Complements or Alternatives?

Women’s Associations and Arab Palestinian Political Parties in Israel
By Élisabeth Marteu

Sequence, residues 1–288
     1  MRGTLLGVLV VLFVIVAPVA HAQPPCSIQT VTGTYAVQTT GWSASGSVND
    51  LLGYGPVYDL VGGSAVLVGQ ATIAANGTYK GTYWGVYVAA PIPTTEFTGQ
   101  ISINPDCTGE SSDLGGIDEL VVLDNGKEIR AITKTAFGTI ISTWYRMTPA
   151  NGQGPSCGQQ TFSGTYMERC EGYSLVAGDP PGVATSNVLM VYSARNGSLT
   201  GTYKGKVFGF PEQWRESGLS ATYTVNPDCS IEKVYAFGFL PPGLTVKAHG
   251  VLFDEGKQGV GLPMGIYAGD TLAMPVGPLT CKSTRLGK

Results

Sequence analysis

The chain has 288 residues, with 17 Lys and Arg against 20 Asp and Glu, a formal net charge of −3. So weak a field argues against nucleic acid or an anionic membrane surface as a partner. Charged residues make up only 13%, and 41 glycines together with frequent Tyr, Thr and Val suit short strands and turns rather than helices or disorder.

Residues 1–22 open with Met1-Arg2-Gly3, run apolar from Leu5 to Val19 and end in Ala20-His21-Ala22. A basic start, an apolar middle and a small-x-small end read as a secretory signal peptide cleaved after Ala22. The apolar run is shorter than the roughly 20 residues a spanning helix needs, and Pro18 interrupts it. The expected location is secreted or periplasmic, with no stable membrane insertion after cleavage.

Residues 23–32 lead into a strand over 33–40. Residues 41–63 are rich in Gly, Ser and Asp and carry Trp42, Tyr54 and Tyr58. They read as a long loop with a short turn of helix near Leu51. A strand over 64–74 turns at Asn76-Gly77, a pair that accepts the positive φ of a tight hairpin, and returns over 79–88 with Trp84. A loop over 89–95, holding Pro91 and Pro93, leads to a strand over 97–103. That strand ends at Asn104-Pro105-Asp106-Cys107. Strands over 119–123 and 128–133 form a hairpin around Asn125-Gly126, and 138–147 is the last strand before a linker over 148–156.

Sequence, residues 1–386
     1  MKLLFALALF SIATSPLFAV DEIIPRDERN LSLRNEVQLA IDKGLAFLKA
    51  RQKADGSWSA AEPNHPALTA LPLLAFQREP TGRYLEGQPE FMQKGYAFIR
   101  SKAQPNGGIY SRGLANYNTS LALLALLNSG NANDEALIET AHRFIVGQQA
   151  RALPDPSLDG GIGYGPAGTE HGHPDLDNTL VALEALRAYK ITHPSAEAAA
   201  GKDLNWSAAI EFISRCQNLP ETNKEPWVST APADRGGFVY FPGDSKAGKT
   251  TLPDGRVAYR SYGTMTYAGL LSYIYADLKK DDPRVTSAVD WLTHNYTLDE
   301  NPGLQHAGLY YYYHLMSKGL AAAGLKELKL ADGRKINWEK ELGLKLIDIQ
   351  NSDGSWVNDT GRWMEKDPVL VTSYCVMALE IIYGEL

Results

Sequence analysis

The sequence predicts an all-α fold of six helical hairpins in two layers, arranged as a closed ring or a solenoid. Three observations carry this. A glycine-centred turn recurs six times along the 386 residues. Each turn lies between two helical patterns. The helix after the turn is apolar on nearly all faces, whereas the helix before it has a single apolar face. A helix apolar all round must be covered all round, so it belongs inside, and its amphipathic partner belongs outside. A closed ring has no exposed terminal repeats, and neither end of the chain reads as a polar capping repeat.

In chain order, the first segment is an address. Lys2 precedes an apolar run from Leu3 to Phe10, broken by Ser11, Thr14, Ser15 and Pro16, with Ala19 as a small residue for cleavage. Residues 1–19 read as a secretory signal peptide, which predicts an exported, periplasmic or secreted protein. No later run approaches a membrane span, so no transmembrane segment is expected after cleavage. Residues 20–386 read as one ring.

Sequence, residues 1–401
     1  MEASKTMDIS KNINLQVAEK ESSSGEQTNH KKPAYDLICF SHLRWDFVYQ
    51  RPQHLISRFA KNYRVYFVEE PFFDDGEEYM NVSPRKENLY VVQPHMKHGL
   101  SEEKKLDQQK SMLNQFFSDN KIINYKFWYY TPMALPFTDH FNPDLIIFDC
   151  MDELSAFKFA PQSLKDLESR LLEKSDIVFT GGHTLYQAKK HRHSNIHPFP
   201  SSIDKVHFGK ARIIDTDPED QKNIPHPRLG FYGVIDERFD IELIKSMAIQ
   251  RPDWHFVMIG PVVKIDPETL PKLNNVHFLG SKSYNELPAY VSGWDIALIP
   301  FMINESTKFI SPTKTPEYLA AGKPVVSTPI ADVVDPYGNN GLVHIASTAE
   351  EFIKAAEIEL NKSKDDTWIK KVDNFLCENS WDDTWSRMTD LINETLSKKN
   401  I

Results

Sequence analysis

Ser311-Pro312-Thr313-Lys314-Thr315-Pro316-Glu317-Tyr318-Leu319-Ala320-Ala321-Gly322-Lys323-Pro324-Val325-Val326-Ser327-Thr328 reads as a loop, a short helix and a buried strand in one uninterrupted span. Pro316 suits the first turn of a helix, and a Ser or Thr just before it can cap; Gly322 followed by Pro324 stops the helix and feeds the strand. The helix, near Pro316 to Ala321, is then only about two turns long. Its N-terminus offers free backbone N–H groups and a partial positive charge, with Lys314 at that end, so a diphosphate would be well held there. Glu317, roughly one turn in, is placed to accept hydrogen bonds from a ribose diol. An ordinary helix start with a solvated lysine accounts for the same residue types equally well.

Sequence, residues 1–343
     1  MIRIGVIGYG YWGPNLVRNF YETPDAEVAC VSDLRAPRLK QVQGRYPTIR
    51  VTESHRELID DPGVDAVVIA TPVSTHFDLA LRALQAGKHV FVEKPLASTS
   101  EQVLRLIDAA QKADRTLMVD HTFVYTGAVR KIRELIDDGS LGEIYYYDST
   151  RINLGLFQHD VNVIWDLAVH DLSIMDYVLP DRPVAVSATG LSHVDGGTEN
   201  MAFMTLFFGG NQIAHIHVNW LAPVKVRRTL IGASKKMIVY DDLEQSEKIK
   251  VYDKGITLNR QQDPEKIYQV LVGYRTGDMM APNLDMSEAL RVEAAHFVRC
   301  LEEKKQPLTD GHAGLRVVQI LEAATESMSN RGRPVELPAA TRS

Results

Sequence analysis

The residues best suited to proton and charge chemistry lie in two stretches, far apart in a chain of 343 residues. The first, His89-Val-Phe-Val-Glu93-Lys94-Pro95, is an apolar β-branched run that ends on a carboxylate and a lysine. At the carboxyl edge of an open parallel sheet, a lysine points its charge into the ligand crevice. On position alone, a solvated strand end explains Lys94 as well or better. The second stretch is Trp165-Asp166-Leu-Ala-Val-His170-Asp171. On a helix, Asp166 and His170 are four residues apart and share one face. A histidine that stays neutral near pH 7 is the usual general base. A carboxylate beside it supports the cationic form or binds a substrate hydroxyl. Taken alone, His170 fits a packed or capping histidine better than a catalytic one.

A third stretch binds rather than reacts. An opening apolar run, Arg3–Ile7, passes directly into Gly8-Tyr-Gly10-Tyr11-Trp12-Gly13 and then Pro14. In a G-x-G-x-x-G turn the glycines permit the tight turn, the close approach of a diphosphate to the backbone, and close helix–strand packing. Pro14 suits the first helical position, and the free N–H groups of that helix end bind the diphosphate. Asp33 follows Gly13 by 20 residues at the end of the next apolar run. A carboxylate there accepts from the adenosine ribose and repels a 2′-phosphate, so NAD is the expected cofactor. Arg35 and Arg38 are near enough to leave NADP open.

The study of women’s mobilization in Israel/ Palestine highlights complex relationship between gender and nationalist struggles. Relations between Arab women’s organizations and Arab political parties in Israel reveal a multiplicity of forms of cooperation, autonomization and tensions between those two spheres of involvement. In analysing the evolution of those relations since 1948, this article underlines how feminist and women’s organizations relate differently to the concepts of politics and the political. Often originating from communist and nationalist movements, some women leaders perceive associations as professional alternatives to conventional politics and an autonomous space for the politicization of gender issues. Their militant careers reveal a conflict between professional legitimacy and partisan closeness. On the contrary, Islamic women’s organizations continue to work under the leadership of the political movement through developing a non-militant social discourse. By articulating the study of relations with political parties and the perception of women activists regarding the concepts of politics and the political, this research points out the mobility and porosity of borders between women’s organizations and the partisan sphere.


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